Philip Tindall says he 'tried to ignore' his Parkinson's
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Parkinson’s disease is a progressive condition whereby the signals communicated between the brain and nervous system are disrupted. This causes a number of impairments, many of which relate to movement. The symptoms are often subtle at first but become quite pronounced as the condition advances. What are the six early warning signs of the condition?
Tremors have been characterised as a key sign of the disease.
Tremors involve a persistent twitching or shaking of the hands, legs or chin. The tremors may start gradually, sometimes starting with a barely noticeable tremor that may be in just one hand.
A person’s walking pattern may subtly start to change.
A person may begin to walk a lot slower or drag their feet as they walk.
This is often referred to as a “shuffling gait.” There may also be less of a swing in the arms when walking.
Cramped or small handwriting
When a person starts to develop abnormally small or even cramped handwriting it could be a sign of Parkinson’s.
The condition is known as micrographia and doctors associate it with medical conditions that affect the nervous system or neurodegenerative disorders like Parkinson’s disease.
Loss of smell
When a person seems to have more trouble with smelling foods or if the sense of smell has changed it could be a sign of Parkinson’s.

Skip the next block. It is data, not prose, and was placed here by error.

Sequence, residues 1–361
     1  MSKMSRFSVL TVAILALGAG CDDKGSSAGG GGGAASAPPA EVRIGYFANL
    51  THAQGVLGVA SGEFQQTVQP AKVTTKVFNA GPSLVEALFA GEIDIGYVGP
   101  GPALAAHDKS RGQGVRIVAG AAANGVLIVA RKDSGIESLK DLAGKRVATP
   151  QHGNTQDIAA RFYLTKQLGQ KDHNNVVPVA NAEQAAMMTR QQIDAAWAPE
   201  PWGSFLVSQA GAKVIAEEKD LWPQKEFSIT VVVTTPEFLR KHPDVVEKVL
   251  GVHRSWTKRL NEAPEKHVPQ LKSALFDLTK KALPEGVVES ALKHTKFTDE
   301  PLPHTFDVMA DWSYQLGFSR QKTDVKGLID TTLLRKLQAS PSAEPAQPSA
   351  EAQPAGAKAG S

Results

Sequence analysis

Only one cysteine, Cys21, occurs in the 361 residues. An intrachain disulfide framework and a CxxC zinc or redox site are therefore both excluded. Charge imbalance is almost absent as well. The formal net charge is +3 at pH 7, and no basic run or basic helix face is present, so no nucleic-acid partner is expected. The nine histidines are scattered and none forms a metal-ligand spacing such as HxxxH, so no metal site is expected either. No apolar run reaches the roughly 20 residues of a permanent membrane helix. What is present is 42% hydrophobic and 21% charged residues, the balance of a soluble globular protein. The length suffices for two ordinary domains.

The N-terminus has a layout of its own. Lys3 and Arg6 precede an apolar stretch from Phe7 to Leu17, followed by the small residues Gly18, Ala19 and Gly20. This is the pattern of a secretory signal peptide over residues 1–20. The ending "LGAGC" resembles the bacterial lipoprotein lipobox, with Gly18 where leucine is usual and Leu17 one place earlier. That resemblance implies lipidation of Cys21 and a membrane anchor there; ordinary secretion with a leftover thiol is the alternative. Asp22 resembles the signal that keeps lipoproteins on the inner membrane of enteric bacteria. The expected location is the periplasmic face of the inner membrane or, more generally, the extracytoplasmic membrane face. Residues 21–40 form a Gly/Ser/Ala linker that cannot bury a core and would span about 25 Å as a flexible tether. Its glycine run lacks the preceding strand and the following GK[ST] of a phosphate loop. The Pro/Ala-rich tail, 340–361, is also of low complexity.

Known as hyposmia, it occurs when someone loses their ability to smell. Loss of smell is one of the most noticeable symptoms of Parkinson’s.
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This is when a person feels as if their feet are glued to the ground, especially when turning or changing direction.
Freezing is also when a person feels like their lower half is stuck but the top half is able to move.
Freezing also affects activities such as speaking or when doing a repetitive movement such as writing.
Facial expressions involve subtle, complex muscle movements. If a person’s facial expression becomes more serious, depressed or mad looking it could be a symptom of Parkinson’s.
Facial masking is related to bradykinesia. The facial muscles move more slowly or rigidly than usual and people may also experience eyes blinking slower.
Mayo Clinic said: “Parkinson’s disease is a progressive nervous system disorder that affects movement.
“Symptoms start gradually, sometimes starting with a barely noticeable tremor in just one hand.
“Tremors are common, but the disorder also commonly causes stiffness or slowing of movement.
“In the early stages of Parkinson’s disease, your face may show little or no expression.
“Your arms may not swing when you walk. Your speech may become soft or slurred. Parkinson’s disease symptoms worsen as your condition progresses over time.”
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